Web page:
Its goals are to elevate the voices of Out energy and climate leaders, supporting the career development of younger Out professionals, connecting LGBTQ+ jobseekers with companies and government agencies, and creating a space for LGBTQ+ energy and climate professionals to connect.
Of course, discrimination exists across many sectors in the US. But it is especially evident within the energy industry. The International Energy Agency states that women make up only 27 percent of people in the energy industry compared to 47 percent across the sectors.
Speaking to the NC Sustainable Energy Association, Strauss adds: “If you layer sexual orientation and gender identity on top of other marginalized identities, representation for queer women, trans women, or queer women of colour, the picture is bleak to say the least.”
LGBTQ Chamber of Commerce, India
India has made some landmark decisions for LGBTQ+ representation in the last five years. From these groundbreaking national rulings, a small group of business initiatives have sprung up to enshrine and implement these rulings in everyday life. While there isn’t anything specific to the energy industry, one of the most significant was the establishment in 2019 of India’s first LGBTQ+ chamber of commerce.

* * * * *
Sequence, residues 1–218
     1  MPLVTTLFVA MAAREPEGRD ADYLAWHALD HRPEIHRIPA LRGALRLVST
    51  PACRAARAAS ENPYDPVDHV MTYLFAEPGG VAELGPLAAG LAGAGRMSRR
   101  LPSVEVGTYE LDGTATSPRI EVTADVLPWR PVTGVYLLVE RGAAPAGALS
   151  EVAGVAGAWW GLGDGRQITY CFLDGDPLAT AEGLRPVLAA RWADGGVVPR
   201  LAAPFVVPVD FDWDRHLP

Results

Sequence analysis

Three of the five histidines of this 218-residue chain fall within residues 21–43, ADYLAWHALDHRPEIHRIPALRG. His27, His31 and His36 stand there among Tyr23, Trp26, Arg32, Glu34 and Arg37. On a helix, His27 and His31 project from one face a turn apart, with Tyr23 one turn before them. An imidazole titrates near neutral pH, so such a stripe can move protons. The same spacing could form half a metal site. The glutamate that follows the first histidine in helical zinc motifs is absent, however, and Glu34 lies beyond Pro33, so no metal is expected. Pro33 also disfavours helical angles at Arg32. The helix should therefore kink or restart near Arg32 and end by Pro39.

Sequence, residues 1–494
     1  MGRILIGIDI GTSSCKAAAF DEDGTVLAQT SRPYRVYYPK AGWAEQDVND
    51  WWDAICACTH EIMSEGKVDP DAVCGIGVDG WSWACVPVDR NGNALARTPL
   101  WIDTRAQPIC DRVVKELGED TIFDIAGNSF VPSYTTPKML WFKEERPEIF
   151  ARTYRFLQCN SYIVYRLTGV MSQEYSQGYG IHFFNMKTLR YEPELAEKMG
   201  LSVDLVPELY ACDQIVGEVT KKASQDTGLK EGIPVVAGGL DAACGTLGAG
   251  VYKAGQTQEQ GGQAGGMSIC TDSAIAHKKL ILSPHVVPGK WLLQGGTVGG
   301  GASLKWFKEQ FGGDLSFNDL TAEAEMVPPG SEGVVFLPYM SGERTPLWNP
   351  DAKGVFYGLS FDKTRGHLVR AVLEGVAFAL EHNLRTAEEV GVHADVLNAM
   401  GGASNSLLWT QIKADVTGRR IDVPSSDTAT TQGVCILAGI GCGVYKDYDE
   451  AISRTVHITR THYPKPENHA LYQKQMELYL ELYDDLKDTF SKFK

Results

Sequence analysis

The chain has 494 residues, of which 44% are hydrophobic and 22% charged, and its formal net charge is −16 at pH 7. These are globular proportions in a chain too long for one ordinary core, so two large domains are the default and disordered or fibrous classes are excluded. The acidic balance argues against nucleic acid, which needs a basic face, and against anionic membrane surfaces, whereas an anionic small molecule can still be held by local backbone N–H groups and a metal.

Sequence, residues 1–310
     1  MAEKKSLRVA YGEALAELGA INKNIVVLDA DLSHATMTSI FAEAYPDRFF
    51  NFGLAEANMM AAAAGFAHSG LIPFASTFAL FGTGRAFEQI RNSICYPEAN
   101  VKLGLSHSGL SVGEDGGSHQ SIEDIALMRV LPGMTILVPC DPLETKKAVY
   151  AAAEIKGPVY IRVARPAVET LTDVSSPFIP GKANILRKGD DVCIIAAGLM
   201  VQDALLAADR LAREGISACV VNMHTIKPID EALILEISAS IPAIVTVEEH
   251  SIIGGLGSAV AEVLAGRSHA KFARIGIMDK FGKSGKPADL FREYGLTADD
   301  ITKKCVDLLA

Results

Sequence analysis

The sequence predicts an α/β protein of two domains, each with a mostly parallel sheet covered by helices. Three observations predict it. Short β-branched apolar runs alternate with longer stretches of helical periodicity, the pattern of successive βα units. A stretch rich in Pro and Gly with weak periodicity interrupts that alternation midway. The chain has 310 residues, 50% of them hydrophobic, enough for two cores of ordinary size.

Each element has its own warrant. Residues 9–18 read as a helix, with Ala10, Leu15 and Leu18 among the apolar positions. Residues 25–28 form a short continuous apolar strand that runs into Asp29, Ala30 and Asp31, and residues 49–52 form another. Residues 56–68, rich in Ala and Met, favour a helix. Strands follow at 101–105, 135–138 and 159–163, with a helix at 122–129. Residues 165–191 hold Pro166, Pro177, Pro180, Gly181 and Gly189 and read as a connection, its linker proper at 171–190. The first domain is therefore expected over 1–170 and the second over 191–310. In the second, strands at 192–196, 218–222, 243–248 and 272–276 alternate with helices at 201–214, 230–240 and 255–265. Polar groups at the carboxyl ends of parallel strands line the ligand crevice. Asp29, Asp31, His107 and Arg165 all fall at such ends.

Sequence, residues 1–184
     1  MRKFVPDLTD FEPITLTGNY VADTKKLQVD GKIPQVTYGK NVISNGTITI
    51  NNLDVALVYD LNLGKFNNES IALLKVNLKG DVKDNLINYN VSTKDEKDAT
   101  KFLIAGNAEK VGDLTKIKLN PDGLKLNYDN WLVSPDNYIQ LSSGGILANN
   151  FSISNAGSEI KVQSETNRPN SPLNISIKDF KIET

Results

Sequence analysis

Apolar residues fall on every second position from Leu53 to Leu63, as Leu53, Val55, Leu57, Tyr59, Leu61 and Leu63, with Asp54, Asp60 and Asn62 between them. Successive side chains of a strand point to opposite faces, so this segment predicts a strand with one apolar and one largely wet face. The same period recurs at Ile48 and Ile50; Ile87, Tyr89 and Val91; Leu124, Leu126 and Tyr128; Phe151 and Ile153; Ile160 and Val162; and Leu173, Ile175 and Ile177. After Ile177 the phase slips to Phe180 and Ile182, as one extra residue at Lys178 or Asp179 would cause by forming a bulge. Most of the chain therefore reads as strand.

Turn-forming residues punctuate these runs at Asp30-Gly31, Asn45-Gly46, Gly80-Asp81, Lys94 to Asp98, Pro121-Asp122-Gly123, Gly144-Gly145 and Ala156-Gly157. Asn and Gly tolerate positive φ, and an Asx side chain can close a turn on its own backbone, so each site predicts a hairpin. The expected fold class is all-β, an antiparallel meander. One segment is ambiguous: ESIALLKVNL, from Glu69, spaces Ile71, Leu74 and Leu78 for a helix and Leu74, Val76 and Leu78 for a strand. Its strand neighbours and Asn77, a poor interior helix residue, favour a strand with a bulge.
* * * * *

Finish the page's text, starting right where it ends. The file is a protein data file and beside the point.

India’s RWS is the country’s largest advocacy organization dedicated to expanding economic opportunities and advancements for LGBTQ+ people. It is also the exclusive certifying body for LGBTQ+-owned businesses. The chamber joins the Samavesh Chamber of Commerce, located in Thane, north of Mumbai. Together, they work for diversity both from a supplier-side but also within the corporate and business side too. Samavesh also runs individual mentoring and support programmes for freelancers and individual employees. Together, they join an international network of LGBTQ+ entrepreneurs and chambers of commerce worldwide, centred on the National LGBT Chamber of Commerce in the US.
ACON & Clean Energy Council, Australia
In Australia, there is increasing visibility of LGBTQ+ rights across the country’s energy sector. But there isn’t one single advocacy group dedicated to solely to advancing LGBTQ+ rights in the industry. The main driver of inclusion nationally and across all industries is ACON and the group’s Pride Inclusion Programs. Established in 1985 as the AIDS Council of New South Wales, ACON is now Australia’s largest HIV prevention, support and LGBTQ+ health organisation.
Its Pride in Diversity programme is now the national not-for-profit employer support programme for LGBTQ+ inclusion. It established the Australian Workplace Equality Index, which is the national benchmarking instrument to determine the Top Employers for LGBTQ+ people.